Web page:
Time Out Bahrain catches up with the pioneers of pesticide-free food
Time Out Bahrain staff
For a country that grows practically no food of its own, it’s a wonder that Bahrain has as much cuisine as it does, let alone new fangled ideas like organics. But the fads that blow in lands afar also tend to blow a bit here, and Bahrain does have a microscopic, but growing, band of organic campaigners, who are keen to keep your palate pesticide free.
And it comes not a moment too soon. With food high on the health agenda of the country after researchers found that Bahrainis are among the world’s fattest people (a thundering 64.1 per cent of the population is overweight), the country is starting to get a taste for food untarnished by chemicals.
And the effect of chemicals on human health are not the only reason people are turning their backs on factory farmed food. Farming is massively damaging to the environment, and the more chemical fertilisers, pesticides and growth enhancers you plough into the land, the less sustainable it becomes, and the more the farm pollutes. Add to this the fact that organic farming is more humane when it comes to animals, and produces significantly more nutritious food when eaten which on the whole tastes infinitely better, opting for organic should be a no-brainer. Unfortunately, Bahrain doesn’t grow any organic food of its own, meaning a lot of the produce is imported from hundreds of miles away, which is not all that great when it comes to combating climate change.
While most of the supermarkets have a dedicated section in which you can find a range of packed organic produce, the country is still a long way behind most European cities when it comes to organic restaurants, organic greengrocers and a true understanding of the evil of chemicals in the diet. Trying to change all that are two pioneering doctors Dr Lamia Al-Shehabee and Dr Jamilla Alqaseer. Time Out Bahrain met up with them both to see what each was doing to make Bahrain a more appetising place.
Dr Jamilla Alqaseer founder of Health House
Health House is a holistic healing centre. When you change your lifestyle, the main part of what you change is food. We show people the correlation between their problems and food. We don’t push, we empower.
I started 12 years ago. I went to the University of Washington to study holistic healing. The greatest difficulty I found when I came back was that people don’t like to change. Expatriates are very good at this, but Bahrainis are not as good: they go to parties, and they want to enjoy life. They want to change their lifestyle, but not in relation to their food.
Organics are very important. Once you detoxify, you want to clean yourself. [Organic food] helps to rejuvenate the cells. The organic food sold in Bahrain comes from different places, but not from Bahrain. If you want to grow anything organic in Bahrain you need have certification that pesticides have not been used on that space for 10 years, that’s why. At Health House we concentrate on organic staples and snacks. We have two centres in Bahrain and are opening a centre in Sharm el-Sheikh, Egypt in the very near future.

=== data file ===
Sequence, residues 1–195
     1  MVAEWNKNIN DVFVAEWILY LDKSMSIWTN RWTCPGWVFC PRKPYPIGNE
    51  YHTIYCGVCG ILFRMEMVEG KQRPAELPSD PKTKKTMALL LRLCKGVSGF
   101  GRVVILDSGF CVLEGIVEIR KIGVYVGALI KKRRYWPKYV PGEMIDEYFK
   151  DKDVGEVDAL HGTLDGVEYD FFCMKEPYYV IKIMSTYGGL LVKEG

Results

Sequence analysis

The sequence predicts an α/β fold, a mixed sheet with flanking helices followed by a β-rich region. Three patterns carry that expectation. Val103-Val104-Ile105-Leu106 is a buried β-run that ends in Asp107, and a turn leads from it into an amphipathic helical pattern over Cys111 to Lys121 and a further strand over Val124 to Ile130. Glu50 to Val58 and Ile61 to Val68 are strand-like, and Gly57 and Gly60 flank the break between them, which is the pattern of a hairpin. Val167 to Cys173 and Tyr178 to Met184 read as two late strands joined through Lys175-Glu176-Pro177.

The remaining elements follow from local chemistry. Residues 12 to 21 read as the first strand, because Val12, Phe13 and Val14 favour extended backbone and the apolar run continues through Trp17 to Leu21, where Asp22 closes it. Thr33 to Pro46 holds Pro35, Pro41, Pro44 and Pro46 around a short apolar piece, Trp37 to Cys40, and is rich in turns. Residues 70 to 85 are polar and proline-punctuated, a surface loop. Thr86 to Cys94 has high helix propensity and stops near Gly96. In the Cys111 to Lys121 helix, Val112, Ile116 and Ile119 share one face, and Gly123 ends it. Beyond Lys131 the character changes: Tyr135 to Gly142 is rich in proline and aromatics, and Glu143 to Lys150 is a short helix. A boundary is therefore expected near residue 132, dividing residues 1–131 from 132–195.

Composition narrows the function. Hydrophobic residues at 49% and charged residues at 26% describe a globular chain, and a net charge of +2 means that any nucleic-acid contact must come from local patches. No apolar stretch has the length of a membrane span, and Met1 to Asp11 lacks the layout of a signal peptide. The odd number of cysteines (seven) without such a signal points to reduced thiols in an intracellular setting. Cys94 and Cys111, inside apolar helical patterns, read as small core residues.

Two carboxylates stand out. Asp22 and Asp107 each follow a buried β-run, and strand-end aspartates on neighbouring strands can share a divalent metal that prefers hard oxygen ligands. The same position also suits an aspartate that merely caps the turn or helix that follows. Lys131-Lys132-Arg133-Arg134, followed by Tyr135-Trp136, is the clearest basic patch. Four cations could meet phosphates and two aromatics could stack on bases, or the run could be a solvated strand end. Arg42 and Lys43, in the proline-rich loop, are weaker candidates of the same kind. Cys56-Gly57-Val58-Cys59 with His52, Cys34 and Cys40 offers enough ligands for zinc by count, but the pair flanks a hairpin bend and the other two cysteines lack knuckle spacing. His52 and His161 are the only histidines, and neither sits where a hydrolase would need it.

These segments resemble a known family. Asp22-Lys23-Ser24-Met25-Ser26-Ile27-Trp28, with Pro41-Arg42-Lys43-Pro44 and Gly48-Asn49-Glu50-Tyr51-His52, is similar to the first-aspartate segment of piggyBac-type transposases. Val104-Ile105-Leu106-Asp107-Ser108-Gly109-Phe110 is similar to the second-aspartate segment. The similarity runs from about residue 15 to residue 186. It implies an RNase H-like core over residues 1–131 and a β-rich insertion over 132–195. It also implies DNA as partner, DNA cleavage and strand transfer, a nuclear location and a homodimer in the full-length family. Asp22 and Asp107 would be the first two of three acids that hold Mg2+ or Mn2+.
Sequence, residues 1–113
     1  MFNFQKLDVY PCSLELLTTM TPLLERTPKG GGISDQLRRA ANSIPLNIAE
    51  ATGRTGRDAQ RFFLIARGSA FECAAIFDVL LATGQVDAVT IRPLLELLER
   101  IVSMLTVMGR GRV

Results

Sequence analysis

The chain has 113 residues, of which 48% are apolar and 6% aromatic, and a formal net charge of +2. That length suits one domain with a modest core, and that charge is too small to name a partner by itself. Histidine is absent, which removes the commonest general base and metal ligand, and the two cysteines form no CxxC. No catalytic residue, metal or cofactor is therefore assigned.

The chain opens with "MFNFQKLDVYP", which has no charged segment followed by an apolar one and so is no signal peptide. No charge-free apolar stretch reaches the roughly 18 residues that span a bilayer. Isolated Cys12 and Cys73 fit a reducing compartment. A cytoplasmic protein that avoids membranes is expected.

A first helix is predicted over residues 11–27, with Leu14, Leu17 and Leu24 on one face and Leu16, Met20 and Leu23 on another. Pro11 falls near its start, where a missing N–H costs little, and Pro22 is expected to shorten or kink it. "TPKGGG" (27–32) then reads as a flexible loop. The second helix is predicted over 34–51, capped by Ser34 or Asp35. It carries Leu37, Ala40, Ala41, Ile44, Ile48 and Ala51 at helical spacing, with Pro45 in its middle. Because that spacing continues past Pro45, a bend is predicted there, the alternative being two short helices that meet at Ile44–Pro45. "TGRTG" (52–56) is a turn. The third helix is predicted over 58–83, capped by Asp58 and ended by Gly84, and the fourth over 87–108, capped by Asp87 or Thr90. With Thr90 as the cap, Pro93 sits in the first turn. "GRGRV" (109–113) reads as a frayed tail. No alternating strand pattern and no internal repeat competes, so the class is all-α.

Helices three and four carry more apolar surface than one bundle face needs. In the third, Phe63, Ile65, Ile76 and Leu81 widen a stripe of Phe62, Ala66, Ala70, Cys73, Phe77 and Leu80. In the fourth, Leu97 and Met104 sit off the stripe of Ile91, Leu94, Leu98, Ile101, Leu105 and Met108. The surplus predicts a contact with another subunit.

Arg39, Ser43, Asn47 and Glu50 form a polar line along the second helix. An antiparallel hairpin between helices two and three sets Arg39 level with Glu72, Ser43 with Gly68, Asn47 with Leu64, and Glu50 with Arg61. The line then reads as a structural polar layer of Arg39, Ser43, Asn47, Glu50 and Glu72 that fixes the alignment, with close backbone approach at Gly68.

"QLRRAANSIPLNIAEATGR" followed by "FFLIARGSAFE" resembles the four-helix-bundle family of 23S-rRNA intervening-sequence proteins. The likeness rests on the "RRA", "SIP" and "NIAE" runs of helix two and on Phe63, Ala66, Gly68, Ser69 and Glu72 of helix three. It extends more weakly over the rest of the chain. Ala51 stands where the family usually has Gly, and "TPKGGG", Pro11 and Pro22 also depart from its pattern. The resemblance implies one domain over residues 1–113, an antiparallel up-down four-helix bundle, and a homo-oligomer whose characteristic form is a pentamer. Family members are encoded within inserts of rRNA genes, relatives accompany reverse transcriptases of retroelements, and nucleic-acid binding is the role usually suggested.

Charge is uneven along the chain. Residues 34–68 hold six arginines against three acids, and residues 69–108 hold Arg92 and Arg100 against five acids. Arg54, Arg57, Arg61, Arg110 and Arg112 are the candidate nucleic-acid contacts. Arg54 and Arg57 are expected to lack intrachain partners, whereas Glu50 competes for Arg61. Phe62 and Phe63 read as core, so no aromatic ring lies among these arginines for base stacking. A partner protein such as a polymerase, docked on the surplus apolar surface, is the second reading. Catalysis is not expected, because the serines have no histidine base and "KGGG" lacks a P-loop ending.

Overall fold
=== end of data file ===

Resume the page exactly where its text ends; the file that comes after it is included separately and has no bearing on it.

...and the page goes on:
Dr Lamia Al-Shehabee founder of Nature Valley
Nature Valley was founded in the year 2000. I am a family doctor who treats patients in a natural and nutritional way, and I found it was very difficult to treat my patients without there being organic food and the right supplements here. I felt that I couldn’t really carry on with what I was doing without the supplements and the food that I needed to cure my patients.
It was not a business at first, but suddenly I found myself on the radio and in newspapers talking about organic food. I think because Bahrain is a small island, it was easy to create awareness. After 10 years most people realise that organic products are best. I concentrate on promoting the wholegrain products and oils, rather than bombarding the market with biscuits and crackers and chocolate and things like that, even if they are organic, because this is not really the concept behind healthy organics.
A lot of research has been done, and the amount of nutrients in organic food is much higher than in non-organic produce. You get more vitamins and minerals, more fibre, everything is preserved, and yet you don’t get the pesticides, hormones and antibiotics that is found in non-organic food. In 2010 we will have fresh organic produce available in Bahrain. If you make the effort, then your diet can be completely organic. For more information, contact Health House on 17 410 055, and Nature Valley on 17 825 554.
Dear Dr Sahabee,
A nice peace of information but the main thing is how can u help ppl to choose the organic foods from markets of Bahrain & where? can u name some in order to choose amongst healthy foods available how can we differentiate between organic and non organic foods.